It is a sunny and bright morning, and dews perch on leaves. Ajao wakes up from a long slumber. Three days ago was Friday; today is Monday. Since Friday, he kept reciting word by word his admission letter into the University of Nigeria, Nsukka. So he kept thinking about tomorrow.
There are many tomorrows to come into his life. This tomorrow will wash away today’s petulance. He won’t want to term it what it is – petulance – No, Ajao wouldn’t, till thy kingdom come. He still believes he is an adult, despite his age. Nwanyimma, his mother, still believes he is.
This idea emerged from Ajao’s childhood days. The way she would clap in dusting powder to his face and body, the way she would wrap him in her arms after the double throw and catch over the air, and singing him lullabies to sleep while the moon shone. To her, he is still that tiny baby she had cuddled to sleep, the same boy she nuzzled and told bedtime stories all through his teenage years.
Ajao grew up to be a brilliant boy, the best Nwanyimma and Ondo have ever had. So since he’ll be moving to the city of Nsukka, he no longer thought of many things: his mother, the bad roads in Ondo, the murky corners to traverse before he got to Ore. At Ore, the smelly armpits of women who hawked gbole, groundnut and plantain chips whooshed into his nostrils. With the smell of fossils around the vicinity; the cramped stall of women who scrambled for space around the filling station’s arena, Ajao no longer thought he grew up here.
Today, Monday, he packs up his belongings and places them on top of a bench in the middle of their compound. Nwanyimma hands him a polythene bag that contains a bottle of red oil, unripe avocadoes, and other perishable goods.
“Foods are cheap in Nsukka, if you reach; you buy food items with this money.” She tucks in a wad of naira notes into Ajao’s palms. Ajao stares at the money in his hand, then he smiles and hugs Nwanyimma. Nwanyimma holds him closer to her bosom, longer. She’s going to miss Ajao so much, especially in helping her harvest some cassava and plantains and taking them to the market for sale. Nwanyimma has been a struggling widow ever since the demise of her husband, Iduma. Iduma was predominantly a farmer and hunter before he went on expenditure at Iyagba Forest where he met his death.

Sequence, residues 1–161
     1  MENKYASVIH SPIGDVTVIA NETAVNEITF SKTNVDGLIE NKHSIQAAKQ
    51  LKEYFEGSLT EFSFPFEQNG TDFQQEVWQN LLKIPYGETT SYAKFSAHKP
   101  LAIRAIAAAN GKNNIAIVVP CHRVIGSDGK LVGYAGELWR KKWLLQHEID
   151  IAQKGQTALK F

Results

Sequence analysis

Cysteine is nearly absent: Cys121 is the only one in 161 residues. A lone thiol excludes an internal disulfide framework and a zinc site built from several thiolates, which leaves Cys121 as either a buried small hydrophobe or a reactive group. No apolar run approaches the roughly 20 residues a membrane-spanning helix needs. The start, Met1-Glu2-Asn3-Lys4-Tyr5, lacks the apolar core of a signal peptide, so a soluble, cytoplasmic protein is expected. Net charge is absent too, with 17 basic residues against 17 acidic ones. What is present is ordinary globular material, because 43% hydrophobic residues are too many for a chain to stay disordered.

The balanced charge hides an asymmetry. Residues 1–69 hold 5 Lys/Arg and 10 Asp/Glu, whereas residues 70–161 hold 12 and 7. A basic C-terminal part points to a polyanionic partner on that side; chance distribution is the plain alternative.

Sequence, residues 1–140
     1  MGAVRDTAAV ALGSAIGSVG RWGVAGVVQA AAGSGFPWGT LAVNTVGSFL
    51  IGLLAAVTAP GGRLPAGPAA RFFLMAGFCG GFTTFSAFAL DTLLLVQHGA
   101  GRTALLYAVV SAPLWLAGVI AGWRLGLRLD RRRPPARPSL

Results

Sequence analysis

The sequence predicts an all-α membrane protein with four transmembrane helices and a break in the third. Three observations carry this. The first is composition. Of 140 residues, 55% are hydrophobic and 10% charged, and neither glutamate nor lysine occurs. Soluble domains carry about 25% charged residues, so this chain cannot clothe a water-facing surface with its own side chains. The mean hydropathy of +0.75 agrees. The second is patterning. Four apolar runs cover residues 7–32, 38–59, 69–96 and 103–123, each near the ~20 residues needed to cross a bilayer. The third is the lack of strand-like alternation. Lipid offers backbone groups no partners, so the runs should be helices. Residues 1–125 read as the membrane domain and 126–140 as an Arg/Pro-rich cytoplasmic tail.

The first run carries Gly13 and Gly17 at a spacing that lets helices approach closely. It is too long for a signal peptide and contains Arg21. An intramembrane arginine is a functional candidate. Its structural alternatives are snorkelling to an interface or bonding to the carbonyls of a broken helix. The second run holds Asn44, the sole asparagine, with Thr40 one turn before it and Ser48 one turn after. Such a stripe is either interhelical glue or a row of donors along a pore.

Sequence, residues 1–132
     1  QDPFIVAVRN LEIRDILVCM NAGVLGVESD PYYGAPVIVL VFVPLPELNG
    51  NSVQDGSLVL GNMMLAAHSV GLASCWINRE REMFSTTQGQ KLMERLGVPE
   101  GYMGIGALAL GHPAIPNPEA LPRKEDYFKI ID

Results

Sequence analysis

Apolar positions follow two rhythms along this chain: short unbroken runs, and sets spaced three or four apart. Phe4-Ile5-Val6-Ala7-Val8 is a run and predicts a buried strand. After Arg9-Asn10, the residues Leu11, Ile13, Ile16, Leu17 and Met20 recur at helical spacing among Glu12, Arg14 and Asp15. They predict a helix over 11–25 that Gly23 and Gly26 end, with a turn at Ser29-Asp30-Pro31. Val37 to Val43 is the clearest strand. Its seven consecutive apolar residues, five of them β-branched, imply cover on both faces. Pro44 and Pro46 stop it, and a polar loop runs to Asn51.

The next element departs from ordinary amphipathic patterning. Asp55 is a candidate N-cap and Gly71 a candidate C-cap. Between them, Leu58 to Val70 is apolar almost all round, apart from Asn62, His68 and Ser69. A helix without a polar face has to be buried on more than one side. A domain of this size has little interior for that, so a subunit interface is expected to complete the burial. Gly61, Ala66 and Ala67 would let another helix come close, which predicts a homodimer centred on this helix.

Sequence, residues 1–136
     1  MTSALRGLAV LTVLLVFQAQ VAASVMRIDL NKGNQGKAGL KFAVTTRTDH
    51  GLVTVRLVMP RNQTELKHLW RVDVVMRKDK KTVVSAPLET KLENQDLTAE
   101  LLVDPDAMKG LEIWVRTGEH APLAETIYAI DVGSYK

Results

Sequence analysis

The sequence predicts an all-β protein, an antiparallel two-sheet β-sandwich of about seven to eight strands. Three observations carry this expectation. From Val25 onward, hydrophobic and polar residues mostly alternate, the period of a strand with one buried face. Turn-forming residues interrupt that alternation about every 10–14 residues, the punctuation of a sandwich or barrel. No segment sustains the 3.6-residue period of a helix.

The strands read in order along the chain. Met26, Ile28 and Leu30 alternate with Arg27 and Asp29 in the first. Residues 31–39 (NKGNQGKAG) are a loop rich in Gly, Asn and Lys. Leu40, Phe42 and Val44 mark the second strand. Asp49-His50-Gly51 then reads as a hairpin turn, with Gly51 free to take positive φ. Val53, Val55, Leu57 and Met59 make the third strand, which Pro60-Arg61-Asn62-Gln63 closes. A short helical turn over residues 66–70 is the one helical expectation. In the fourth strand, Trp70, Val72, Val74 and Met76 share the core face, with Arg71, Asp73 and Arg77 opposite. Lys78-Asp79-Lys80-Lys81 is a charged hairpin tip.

“Call aunty Nnebu once you reach Nsukka, she will help you get the items you need,” Nwanyimma instructs. Nnebu is Nwanyimma’s sister who resides in Nsukka with her husband and two kids.
Ajao boards bus number 411 from Ore. He’s the fifth passenger. He sits on the third seat to the window. Heads of hawkers keep poking inside the open window. The boy sitting next to him has a bad breath. Ajao thinks he hasn’t brushed for over a week, his stomach rumbles, the least he can do is place his white handkerchief over his nose.
Later on, after the bus revs to life and an exhaust pipe coils transitory smoke backwards, Ajao wonders if he’s a transient to this place or an indigene. He ensconces himself as a transcending air swoops across his face.
Two hours later, the bus pulls up at a park in Nsukka. It’s June and so it’s raining. Through the windscreen, Ajao tries to make sense of figures that whirl past the screen. The door to the bus jerks open. A woman close to the opened door was shouting: Okpa di oku! People rally around her. Many wore thick sweaters and couples cling to themselves.
The rain comes in heavy torrents with splinters of thunder sounds. Ajao sits for like an hour at the park; he keeps seeing people walk past him, few throw a cursory glance his way and ask, “Idikwa oyi?” He doesn’t know what Idikwa oyi means here, he keeps nodding, just as he nodded at the Okpa seller while she divided the okpa for him into sizable pieces.
Ajao has first heard about Okpa from his cousins. As he swallows the sumptuous okpa, he keeps remembering words from his cousins, the exact sweet taste they used to describe okpa: its yellowish sparkles that reminds him once of his mother’s breast, supple and sumptuous. Like the one in his hands now, like the one that has been in his own hands since he was eight, many nights after his father’s demise. And the supple voice his mother used in yelling her ripe okpa into his hands and telling him in whispers, “hold it sugar, you remind me so much of your father.”
When Ajao places his mouth over the last okpa, he smells his mother’s body spray in the decadent scent of the okpa, he sniffs and raises his head, sniffs and sniffs again, but before he raises his head again, the rain is gone, people start trekking home; others flag down bikes and enter.
A child yells, “pure water jiri oyii, pure water!”
Ajao basks in the coldness that hits his lungs. It’s been long he felt this way: Cold and sure of himself. He sniffs in and everywhere was quiet save for the conductor’s voice calling out from a speaker, “Enugu! Enugu!!”
Ajao crosses the road and boards a University shuttle to school.
A few months later, it’s still raining in Nsukka. Nwanyimma calls Ajao one night. She is wearing a singlet and bum shorts and fanning herself on the bed.
“Hello! Sugar!” she says.
Ajao keeps calm. He recognizes his mother’s mood. After a while, Ajao tells her how it never stops raining in Nsukka and how the sight of okpa makes him feel every day.
“Do you miss me?” She asks.
She doesn’t wait for him to answer before she starts to tell him what the house has been like without him. He is quiet the whole time, struggling to hold back the emotions threatening to burst out of his mouth.
NWABUISI KENNETH N. is a Nigerian writer.